District-based LivingSocial has recruited a new chief marketing officer to oversee advertising and communications for the firm, which has long sought to broaden its brand beyond the daily deals that made the company a household name overnight.
Barry Judge will oversee online and offline advertising, brand management, social media and communications, according to the company. He previously served as the executive vice president and global chief marketing officer for electronics retailer Best Buy.
“Barry helped one of the world’s largest retailers build a powerhouse online and mobile presence, and we’re confident he can help us extend our own leadership in the local commerce space,” LivingSocial chief executive Tim O’Shaughnessy said in a statement.
O’Shaughnessy is the son-in-law of Washington Post Co. chairman and chief executive Donald E. Graham.
LivingSocial has sought to bulk up new lines of business beyond the sale of online discounts to restaurants, spas and retailers. Those products, which range from selling everyday goods to facilitating restaurant food orders, have been met with mixed success.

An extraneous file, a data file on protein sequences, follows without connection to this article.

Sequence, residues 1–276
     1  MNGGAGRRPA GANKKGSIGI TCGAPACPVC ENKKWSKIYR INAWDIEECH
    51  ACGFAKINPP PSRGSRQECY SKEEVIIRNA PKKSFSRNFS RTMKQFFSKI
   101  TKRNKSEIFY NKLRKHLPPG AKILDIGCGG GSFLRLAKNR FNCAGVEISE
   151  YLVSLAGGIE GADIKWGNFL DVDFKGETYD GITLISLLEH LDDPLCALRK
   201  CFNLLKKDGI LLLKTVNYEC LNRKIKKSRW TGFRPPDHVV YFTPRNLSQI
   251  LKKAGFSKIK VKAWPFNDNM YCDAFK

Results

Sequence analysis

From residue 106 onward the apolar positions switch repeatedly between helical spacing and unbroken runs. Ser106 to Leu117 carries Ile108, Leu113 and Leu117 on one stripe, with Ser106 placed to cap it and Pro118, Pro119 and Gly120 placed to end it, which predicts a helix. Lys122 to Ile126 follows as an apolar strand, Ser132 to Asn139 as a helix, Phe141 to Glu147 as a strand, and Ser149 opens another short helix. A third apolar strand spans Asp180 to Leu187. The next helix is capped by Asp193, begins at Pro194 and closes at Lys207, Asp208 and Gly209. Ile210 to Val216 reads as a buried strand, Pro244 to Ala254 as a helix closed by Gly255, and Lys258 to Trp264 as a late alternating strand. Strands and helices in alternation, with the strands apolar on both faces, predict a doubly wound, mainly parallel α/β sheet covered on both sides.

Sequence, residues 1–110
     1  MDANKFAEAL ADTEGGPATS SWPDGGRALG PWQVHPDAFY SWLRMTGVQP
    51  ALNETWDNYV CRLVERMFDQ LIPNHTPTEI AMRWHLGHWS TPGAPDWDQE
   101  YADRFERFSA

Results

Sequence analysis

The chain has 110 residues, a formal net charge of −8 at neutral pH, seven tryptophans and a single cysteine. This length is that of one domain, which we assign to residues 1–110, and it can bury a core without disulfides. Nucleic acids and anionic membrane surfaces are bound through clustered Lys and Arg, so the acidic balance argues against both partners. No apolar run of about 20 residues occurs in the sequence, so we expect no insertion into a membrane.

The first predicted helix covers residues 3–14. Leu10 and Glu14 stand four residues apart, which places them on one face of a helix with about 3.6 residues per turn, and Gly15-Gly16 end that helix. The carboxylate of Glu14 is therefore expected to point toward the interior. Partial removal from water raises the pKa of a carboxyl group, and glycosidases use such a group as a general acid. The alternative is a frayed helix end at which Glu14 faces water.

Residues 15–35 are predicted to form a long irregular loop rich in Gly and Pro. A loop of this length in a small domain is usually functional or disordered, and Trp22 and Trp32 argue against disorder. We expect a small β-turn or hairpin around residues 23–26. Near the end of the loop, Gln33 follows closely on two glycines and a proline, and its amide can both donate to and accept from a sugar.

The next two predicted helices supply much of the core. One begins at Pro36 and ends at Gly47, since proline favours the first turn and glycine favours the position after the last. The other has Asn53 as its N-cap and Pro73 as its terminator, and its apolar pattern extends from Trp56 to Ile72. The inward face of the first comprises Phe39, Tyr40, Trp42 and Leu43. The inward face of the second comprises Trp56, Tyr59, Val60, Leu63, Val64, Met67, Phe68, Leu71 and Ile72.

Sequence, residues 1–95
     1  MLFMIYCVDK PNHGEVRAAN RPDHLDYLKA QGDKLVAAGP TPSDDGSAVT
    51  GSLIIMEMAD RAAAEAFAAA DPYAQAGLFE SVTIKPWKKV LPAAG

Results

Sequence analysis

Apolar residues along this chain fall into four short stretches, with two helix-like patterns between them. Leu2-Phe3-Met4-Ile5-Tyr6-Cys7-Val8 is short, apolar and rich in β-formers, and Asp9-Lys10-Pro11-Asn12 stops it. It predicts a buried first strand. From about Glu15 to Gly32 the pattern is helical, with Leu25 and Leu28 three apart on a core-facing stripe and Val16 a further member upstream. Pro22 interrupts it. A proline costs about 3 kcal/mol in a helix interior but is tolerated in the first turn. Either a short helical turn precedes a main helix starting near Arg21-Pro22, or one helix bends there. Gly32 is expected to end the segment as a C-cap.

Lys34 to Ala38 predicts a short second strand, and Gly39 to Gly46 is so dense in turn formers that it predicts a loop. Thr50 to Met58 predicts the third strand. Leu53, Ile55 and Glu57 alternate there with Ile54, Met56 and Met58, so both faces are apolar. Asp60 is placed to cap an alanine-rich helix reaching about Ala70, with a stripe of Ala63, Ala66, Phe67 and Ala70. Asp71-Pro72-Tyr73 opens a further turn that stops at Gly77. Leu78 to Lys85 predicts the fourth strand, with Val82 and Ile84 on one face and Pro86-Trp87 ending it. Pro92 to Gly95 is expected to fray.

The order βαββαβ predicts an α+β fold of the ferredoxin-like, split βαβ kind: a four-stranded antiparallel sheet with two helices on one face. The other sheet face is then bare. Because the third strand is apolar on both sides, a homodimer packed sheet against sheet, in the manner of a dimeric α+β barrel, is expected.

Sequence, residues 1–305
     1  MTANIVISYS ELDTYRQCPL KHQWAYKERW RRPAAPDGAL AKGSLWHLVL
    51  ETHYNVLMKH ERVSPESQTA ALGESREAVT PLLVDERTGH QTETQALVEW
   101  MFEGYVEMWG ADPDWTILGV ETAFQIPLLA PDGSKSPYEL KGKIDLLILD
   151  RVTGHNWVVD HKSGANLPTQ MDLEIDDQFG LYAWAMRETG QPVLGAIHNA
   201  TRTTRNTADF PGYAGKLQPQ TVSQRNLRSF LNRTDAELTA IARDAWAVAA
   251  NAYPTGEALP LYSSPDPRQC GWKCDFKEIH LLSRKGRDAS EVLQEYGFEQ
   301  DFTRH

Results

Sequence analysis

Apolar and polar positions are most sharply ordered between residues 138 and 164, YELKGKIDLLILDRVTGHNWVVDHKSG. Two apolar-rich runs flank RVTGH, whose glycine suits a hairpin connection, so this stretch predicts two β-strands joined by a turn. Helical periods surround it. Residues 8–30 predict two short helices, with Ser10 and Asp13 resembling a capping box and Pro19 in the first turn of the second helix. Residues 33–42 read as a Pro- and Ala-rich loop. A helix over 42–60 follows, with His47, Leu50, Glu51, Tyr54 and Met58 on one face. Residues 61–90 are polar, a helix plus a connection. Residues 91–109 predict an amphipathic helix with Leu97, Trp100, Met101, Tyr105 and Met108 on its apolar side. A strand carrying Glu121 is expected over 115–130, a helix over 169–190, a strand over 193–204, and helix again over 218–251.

“My career has been spent inventing and reinventing great brands, and LivingSocial has a unique opportunity to build a new industry from scratch by helping millions of local customers discover and share the best things to do in their cities,” Judge said in a statement.
Judge joined Best Buy in 1999 to help the company create its online retail Web site bestbuy.com, according to a news release. He was named chief marketing office in 2008 and held that position until his resignation in May of last year.
The appointment also comes amidst LivingSocial’s review of its existing businesses, both here and abroad. The company let go of 400 employees in the United States in November, including 160 workers in the District.
LivingSocial posted a net loss of $566 million for the third quarter of 2012 after writing down the value of the international companies it has acquired in recent years. It has closed some of its operations overseas where executives said they did not see a clear path to profitability.
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